44

I'm running this simple code:

import threading, time

class reqthread(threading.Thread):    
    def run(self):
        for i in range(0, 10):
            time.sleep(1)
            print('.')

try:
    thread = reqthread()
    thread.start()
except (KeyboardInterrupt, SystemExit):
    print('\n! Received keyboard interrupt, quitting threads.\n')

But when I run it, it prints

$ python prova.py
.
.
^C.
.
.
.
.
.
.
.
Exception KeyboardInterrupt in <module 'threading' from '/usr/lib/python2.6/threading.pyc'> ignored

In fact python thread ignore my Ctrl+C keyboard interrupt and doesn't print Received Keyboard Interrupt. Why? What is wrong with this code?

58

Try

try:
  thread=reqthread()
  thread.daemon=True
  thread.start()
  while True: time.sleep(100)
except (KeyboardInterrupt, SystemExit):
  print '\n! Received keyboard interrupt, quitting threads.\n'

Without the call to time.sleep, the main process is jumping out of the try...except block too early, so the KeyboardInterrupt is not caught. My first thought was to use thread.join, but that seems to block the main process (ignoring KeyboardInterrupt) until the thread is finished.

thread.daemon=True causes the thread to terminate when the main process ends.

  • 5
    I believe a timeout on join, i.e. while thread.isAlive: thread.join(5) will also work to keep the main thread responsive to exceptions. – Jan-Philip Gehrcke Sep 11 '12 at 19:51
  • 12
    thread.daemon = True is actually not recommended because it doesn't allow the thread to clean up any resources left behind... – Erik Allik Sep 29 '13 at 14:47
10

To summarize the changes recommended in the comments, the following works well for me:

try:
  thread = reqthread()
  thread.start()
  while thread.isAlive(): 
    thread.join(1)  # not sure if there is an appreciable cost to this.
except (KeyboardInterrupt, SystemExit):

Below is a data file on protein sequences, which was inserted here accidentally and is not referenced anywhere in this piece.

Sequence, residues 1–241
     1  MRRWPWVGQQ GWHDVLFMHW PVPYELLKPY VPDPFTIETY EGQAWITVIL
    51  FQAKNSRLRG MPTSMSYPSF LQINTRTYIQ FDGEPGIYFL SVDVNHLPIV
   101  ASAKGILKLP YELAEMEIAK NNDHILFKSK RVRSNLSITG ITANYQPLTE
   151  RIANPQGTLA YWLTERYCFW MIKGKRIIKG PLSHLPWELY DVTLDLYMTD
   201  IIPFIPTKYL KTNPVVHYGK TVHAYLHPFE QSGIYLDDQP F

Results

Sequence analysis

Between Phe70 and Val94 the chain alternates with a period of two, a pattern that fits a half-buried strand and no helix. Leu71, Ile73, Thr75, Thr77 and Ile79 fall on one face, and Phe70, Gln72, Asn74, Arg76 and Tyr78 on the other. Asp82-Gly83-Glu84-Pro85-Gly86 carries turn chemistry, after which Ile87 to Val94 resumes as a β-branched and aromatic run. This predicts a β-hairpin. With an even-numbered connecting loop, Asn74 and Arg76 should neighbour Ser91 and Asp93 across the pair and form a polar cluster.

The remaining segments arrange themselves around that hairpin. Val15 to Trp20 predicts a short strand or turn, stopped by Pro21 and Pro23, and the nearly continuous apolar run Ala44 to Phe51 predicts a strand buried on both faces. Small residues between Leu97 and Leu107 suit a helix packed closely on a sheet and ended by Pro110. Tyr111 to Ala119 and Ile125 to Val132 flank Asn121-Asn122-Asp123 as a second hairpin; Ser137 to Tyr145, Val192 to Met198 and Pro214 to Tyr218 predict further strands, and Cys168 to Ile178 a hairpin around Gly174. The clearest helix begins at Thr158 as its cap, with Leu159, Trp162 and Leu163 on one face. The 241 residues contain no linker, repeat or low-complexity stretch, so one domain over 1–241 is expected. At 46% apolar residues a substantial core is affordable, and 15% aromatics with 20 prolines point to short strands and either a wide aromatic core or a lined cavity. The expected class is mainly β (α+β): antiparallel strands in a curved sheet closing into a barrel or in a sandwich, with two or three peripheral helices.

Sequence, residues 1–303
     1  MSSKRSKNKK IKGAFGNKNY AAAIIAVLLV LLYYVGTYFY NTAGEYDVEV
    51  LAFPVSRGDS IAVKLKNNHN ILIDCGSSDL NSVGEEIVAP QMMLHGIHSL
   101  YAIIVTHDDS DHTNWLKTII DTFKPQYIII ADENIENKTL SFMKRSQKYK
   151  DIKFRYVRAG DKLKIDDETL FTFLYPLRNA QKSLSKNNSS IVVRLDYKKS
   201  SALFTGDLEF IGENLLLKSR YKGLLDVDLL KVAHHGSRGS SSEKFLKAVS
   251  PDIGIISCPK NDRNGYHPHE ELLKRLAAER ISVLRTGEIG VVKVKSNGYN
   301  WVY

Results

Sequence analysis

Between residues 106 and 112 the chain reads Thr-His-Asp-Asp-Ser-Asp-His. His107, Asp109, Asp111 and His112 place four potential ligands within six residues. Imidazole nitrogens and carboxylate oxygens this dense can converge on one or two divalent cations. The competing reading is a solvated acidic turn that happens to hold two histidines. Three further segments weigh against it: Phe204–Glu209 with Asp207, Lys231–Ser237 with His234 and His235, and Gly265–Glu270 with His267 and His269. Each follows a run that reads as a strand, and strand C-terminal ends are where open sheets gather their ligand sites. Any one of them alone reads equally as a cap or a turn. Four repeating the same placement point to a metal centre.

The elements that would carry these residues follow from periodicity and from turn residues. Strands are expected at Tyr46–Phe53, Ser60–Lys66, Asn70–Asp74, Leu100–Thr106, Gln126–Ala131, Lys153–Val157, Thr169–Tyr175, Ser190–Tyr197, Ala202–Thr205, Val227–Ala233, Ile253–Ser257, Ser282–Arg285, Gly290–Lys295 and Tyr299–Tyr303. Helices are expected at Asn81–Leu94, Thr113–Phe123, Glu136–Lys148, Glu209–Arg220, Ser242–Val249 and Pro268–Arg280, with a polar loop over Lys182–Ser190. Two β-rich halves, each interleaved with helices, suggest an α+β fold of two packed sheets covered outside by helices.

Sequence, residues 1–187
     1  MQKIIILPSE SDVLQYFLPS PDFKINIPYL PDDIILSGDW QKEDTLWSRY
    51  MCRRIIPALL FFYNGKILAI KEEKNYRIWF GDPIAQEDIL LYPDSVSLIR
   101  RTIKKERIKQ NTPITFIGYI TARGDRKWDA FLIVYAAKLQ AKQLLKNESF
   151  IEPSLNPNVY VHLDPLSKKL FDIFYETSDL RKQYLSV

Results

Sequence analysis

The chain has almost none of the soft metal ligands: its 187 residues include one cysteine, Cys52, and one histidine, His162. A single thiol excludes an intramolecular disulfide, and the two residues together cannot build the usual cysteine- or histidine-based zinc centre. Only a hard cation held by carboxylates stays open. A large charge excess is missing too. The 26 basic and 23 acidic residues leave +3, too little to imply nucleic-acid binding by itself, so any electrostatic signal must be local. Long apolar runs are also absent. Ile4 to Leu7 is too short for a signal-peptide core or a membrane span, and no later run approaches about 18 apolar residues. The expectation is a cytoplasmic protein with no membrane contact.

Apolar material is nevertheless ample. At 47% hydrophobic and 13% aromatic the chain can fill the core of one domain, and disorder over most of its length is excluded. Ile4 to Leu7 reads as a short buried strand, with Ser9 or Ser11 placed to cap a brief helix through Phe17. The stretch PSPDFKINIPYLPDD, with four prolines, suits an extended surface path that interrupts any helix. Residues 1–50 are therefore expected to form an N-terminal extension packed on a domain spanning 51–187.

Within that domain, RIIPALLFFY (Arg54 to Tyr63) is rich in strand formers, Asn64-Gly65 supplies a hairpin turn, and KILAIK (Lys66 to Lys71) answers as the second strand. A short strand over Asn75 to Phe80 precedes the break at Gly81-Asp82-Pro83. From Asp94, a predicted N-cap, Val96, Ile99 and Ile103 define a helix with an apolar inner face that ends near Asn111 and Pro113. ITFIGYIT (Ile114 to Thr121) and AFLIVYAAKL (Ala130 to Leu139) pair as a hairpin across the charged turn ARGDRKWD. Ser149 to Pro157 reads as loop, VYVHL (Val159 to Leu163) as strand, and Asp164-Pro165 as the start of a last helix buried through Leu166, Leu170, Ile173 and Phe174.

print '\n! Received keyboard interrupt, quitting threads.\n'
  sys.exit()
  • Is calling "thread.join()" over and over in the "while thread.isAlive():" a good thing / does that matter? – DevPlayer Sep 15 '16 at 13:39
  • Personally I don't know; might be worth trying to craft a benchmark if perf matters to you for that? – rattray Sep 16 '16 at 0:43
  • 1
    Be aware the exit() and sys.exit() are not the same. It is recommended to use sys.exit(). – DevPlayer Nov 18 '16 at 1:23
  • Thanks @DevPlayer ! Updated to reflect that. For the curious, see stackoverflow.com/a/19747562/1048433 for an explanation – rattray Nov 18 '16 at 23:07
4

Slight modification of ubuntu's solution.

Removing tread.daemon = True as suggested by Eric and replacing the sleeping loop by signal.pause():

import signal
try:
  thread=reqthread()
  thread.start()
  signal.pause() # instead of: while True: time.sleep(100)
except (KeyboardInterrupt, SystemExit):
  print '\n! Received keyboard interrupt, quitting threads.\n'
  • 3
    Nice - but unfortunately not supported on Windows – Tobias Kienzler Aug 25 '16 at 9:36
0

My (hacky) solution is to monkey-patch Thread.join() like this:

def initThreadJoinHack():
  import threading, thread
  mainThread = threading.currentThread()
  assert isinstance(mainThread, threading._MainThread)
  mainThreadId = thread.get_ident()
  join_orig = threading.Thread.join
  def join_hacked(threadObj, timeout=None):
    """
    :type threadObj: threading.Thread
    :type timeout: float|None
    """
    if timeout is None and thread.get_ident() == mainThreadId:
      # This is a HACK for Thread.join() if we are in the main thread.
      # In that case, a Thread.join(timeout=None) would hang and even not respond to signals
      # because signals will get delivered to other threads and Python would forward
      # them for delayed handling to the main thread which hangs.
      # See CPython signalmodule.c.
      # Currently the best solution I can think of:
      while threadObj.isAlive():
        join_orig(threadObj, timeout=0.1)
    else:
      # In all other cases, we can use the original.
      join_orig(threadObj, timeout=timeout)
  threading.Thread.join = join_hacked
0

Putting the try ... except in each thread and also a signal.pause() in true main() works for me.

Watch out for import lock though. I am guessing this is why Python doesn't solve ctrl-C by default.

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